Chapter 10 International liquidity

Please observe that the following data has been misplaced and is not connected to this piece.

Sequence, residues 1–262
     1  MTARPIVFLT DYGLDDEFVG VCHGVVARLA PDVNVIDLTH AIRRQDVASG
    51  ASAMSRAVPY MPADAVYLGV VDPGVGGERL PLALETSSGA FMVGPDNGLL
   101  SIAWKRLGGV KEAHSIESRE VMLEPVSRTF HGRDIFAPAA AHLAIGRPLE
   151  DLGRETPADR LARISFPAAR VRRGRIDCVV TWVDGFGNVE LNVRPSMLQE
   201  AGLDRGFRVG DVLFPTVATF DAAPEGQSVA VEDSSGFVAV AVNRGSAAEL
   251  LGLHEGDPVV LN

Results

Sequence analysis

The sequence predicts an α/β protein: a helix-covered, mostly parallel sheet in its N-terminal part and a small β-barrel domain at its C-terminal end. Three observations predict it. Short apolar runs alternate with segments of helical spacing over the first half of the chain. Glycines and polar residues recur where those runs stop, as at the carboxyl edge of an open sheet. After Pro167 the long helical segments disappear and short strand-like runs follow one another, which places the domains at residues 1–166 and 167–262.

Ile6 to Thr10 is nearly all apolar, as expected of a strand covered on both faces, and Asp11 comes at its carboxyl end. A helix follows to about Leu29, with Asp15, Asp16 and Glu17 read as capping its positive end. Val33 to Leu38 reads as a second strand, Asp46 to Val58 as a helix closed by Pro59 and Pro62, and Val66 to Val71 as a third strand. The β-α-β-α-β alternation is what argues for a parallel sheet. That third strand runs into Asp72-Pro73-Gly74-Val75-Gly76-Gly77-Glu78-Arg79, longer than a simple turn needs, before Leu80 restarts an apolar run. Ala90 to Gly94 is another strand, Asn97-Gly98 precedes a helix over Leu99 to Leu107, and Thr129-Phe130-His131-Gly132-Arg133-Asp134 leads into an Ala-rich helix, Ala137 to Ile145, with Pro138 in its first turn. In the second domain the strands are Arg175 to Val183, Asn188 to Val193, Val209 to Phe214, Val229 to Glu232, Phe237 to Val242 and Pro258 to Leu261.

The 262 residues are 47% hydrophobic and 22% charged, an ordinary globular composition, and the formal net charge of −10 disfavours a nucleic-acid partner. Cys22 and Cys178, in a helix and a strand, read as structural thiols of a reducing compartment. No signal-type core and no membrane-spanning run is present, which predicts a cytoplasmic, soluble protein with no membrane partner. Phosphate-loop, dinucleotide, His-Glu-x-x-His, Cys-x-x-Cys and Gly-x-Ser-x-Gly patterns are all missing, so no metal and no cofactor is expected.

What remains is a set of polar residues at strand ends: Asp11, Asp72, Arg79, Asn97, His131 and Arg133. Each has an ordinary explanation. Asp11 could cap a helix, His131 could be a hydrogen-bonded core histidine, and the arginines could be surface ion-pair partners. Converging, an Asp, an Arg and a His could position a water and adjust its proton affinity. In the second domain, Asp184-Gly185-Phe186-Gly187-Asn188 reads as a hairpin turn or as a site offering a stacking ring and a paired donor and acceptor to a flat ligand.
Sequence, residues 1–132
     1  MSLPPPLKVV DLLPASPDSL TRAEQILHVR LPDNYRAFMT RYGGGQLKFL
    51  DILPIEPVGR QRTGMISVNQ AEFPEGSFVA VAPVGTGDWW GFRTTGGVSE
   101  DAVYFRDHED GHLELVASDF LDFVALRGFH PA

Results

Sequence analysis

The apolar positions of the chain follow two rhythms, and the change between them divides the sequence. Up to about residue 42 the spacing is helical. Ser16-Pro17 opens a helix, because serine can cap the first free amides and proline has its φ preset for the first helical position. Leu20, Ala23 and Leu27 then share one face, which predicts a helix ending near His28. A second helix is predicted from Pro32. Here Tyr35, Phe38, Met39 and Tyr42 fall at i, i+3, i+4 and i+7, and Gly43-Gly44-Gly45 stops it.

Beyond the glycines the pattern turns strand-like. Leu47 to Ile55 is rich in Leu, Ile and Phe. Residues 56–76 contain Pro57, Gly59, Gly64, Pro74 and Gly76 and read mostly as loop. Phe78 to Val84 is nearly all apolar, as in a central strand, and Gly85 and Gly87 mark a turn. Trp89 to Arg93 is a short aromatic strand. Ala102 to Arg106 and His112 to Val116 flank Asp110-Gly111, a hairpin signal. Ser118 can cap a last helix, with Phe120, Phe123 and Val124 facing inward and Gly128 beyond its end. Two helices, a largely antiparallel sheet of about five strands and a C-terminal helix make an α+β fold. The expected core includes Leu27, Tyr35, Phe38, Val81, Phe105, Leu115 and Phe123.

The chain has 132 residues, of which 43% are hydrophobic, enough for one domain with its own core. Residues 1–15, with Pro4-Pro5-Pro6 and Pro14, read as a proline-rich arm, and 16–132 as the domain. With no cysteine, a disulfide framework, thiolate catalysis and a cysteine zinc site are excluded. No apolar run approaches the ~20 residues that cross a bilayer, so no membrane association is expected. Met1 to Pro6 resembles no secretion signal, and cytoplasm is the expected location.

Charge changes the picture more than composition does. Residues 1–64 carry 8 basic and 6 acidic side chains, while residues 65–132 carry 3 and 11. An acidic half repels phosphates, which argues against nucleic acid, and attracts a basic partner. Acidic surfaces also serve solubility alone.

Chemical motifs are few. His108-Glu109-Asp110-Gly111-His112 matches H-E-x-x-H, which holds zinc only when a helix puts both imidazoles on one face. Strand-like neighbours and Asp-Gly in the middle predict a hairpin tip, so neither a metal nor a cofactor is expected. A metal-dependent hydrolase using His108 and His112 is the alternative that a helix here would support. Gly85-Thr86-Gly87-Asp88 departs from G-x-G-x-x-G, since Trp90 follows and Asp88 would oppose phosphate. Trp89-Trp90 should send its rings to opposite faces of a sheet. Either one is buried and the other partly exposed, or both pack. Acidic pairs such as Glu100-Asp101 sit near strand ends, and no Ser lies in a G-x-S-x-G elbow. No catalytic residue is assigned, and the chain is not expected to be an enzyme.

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The international means of payment, store of value and unit of account in the nineteenth century was gold. The Bretton Woods conference in 1944 assigned a unique role to the US dollar (later augmented by SRDs). It also decreed fixed exchange rates. The World Bank and the International Monetary Fund were created to police the rules and inject liquidity. Because devaluation was not an option, the burden was put on capital controls and (deflationary) macroeconomic policy to ensure a balance in the current account. Mundell draw attention to the unholy trilemma when central banks tried to do too much. In 1973 the end of Bretton Woods means that parities became free to float.

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